Chance Discovery with Self-Organizing Maps: Discovering Imbalances in Financial Networks

  • Peter Sarlin
Part of the Studies in Computational Intelligence book series (SCI, volume 423)


In this chapter, we introduce the Self-Organizing Map (SOM) from the viewpoint of Chance Discovery. The SOM paradigm supports several principal parts of Chance Discovery: visualization of temporal multivariate data, discovering rare clusters bridging frequent ones, detecting the degree of event rarity or outliers, and dealing with continuously evolving structures of real world data. Here, we further enhance the standard SOM paradigm by combining it with network analysis. Thus, we enable a simultaneous view of the data topology of the SOM and a network topology of relationships between objects on the SOM. The usefulness of the Self-Organizing Network Map (SONM) for Chance Discovery is demonstrated on a dataset of macro-financial measures. While the standard SOM visualizes country-specific vulnerabilities by positions on the map, the SONM also includes bilateral financial exposures to show the size of linkages between economies and chances of shock propagation from one country to the rest of the world.


Chance Discovery Self-Organizing Map (SOM) network analysis exploratory data analysis financial stability 


Unable to display preview. Download preview PDF.

Unable to display preview. Download preview PDF.


  1. 1.
    Ohsawa, Y.: Chance Discovery for Making Decisions in Complex Real World. New Generation Computing 20(2), 143–163 (2002)zbMATHCrossRefGoogle Scholar
  2. 2.
    Tsang, E.P.K., Markose, S., Er, H.: Chance discovery in stock index option and future arbitrage. New Mathematics and Natural Computation 1(3), 435–447 (2005)zbMATHCrossRefGoogle Scholar
  3. 3.
    Ohsawa, Y.: Modelling the process of chance discovery. In: Ohsawa, Y., McBurney, P. (eds.) Chance Discovery, pp. 2–15. Springer, Heidelberg (2003)Google Scholar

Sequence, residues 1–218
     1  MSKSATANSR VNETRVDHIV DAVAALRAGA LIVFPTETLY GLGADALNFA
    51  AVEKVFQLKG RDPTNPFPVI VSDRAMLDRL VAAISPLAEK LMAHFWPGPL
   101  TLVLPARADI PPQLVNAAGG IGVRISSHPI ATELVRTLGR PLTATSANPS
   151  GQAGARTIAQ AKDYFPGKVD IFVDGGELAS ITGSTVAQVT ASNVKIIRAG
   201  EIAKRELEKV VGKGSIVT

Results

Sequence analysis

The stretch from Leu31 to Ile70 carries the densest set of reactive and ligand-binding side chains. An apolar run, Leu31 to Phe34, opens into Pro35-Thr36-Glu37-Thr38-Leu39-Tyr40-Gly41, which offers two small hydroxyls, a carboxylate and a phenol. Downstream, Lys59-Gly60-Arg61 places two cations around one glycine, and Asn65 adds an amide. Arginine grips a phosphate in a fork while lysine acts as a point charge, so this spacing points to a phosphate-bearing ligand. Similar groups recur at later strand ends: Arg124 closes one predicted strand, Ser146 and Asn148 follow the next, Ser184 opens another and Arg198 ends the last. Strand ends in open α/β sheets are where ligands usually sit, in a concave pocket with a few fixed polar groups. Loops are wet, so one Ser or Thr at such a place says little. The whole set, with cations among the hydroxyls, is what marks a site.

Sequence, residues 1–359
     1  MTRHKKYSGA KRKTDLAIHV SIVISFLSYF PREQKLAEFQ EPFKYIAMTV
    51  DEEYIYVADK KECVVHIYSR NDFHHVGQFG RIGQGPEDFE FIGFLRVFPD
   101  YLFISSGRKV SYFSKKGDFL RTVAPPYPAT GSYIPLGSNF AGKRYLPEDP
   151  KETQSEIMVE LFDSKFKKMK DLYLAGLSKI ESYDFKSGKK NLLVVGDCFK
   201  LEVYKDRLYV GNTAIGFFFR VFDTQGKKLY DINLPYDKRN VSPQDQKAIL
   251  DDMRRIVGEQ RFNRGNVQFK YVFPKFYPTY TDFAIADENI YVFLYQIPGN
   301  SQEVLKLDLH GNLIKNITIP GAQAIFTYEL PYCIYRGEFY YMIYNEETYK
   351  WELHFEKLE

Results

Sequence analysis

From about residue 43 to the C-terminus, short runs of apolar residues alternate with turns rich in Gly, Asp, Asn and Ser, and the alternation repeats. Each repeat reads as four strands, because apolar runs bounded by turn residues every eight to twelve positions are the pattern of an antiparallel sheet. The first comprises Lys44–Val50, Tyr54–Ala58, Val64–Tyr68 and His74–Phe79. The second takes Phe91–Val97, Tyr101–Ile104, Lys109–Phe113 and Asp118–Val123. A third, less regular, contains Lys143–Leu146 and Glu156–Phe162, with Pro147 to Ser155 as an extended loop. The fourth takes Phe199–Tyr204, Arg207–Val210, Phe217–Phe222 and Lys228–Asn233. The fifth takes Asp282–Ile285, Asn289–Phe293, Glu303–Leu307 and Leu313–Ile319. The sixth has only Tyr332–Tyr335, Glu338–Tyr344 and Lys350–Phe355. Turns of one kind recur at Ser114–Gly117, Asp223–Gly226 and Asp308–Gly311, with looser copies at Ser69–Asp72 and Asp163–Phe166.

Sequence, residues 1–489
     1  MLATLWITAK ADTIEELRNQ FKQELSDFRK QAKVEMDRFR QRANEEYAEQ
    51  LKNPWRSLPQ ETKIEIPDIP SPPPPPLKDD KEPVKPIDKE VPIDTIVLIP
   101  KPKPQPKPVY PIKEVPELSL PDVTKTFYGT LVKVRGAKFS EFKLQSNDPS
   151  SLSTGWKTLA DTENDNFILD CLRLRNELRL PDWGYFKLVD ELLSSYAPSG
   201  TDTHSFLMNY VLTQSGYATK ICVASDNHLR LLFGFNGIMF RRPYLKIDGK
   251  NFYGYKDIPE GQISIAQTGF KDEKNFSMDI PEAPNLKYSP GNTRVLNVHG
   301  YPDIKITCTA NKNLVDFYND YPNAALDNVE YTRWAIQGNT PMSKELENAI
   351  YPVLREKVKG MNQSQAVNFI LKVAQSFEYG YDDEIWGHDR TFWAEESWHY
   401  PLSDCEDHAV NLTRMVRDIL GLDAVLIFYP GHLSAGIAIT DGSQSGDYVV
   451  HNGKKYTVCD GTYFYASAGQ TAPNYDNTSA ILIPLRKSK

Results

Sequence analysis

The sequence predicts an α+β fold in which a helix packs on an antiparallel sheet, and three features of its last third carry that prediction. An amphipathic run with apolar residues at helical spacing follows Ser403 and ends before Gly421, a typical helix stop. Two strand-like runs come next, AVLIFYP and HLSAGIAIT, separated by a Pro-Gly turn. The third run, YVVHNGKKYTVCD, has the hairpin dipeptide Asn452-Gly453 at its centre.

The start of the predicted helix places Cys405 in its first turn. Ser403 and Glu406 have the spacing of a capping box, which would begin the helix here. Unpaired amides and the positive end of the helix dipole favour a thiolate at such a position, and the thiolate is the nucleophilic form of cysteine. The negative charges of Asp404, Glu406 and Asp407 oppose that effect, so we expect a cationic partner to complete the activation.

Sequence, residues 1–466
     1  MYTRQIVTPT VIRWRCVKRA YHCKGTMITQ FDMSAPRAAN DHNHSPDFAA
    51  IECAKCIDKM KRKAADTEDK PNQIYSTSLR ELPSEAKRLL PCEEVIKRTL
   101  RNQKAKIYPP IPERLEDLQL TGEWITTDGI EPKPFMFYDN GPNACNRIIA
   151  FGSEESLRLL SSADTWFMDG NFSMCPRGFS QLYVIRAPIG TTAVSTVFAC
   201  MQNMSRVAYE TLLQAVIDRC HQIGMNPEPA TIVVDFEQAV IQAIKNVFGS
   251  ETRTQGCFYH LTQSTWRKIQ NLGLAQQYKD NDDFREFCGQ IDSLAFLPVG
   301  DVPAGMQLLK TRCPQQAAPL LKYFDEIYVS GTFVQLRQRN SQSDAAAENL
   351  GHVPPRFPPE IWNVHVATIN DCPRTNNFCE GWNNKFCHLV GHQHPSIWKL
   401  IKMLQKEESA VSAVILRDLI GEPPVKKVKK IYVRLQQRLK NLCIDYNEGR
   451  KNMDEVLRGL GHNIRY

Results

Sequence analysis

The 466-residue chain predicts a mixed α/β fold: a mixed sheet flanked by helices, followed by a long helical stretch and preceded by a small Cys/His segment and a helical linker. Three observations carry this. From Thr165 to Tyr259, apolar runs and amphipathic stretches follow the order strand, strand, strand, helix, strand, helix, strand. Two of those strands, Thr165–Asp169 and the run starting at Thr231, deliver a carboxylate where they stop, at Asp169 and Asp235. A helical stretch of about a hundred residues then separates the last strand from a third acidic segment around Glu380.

4. 4.
    Quinlan, J.R.: C4.5: Programs for Machine Learning. Morgan Kaufmann, California (1993)Google Scholar
  5. 5.
    Greenacre, M.J.: Correspondence Analysis in Practice. Chapman & Hall, London (2007)zbMATHCrossRefGoogle Scholar
  6. 6.
    Ohsawa, Y., Benson, N.E., Yachida, M.: KeyGraph: Automatic Indexing by Cooccurrence Graph based on Building Construction Metaphor. In: Proc. Advanced Digital Library Conference, pp. 12–18. IEEE Press, Los Alamitos (1998)Google Scholar
  7. 7.
    Abe, A., Hagita, N., Furutani, M., Furutani, Y., Matsuoka, R.: An interface for medical diagnosis support. In: Apolloni, B., Howlett, R.J., Jain, L. (eds.) KES 2007, Part II. LNCS (LNAI), vol. 4693, pp. 909–916. Springer, Heidelberg (2007)CrossRefGoogle Scholar
  8. 8.
    Kohonen, T.: Self-organized formation of topologically correct feature maps. Biological Cybernetics 66, 59–69 (1982)MathSciNetCrossRefGoogle Scholar
  9. 9.
    Kohonen, T.: Self-Organizing Maps. Springer, Berlin (2001)zbMATHCrossRefGoogle Scholar
  10. 10.
    Ultsch, A., Siemon, H.P.: Kohonen’s self organizing feature maps for exploratory data analysis. In: Proceedings of the International Conference on Neural Networks, pp. 305–308. Kluwer, Dordrecht (1990)Google Scholar
  11. 11.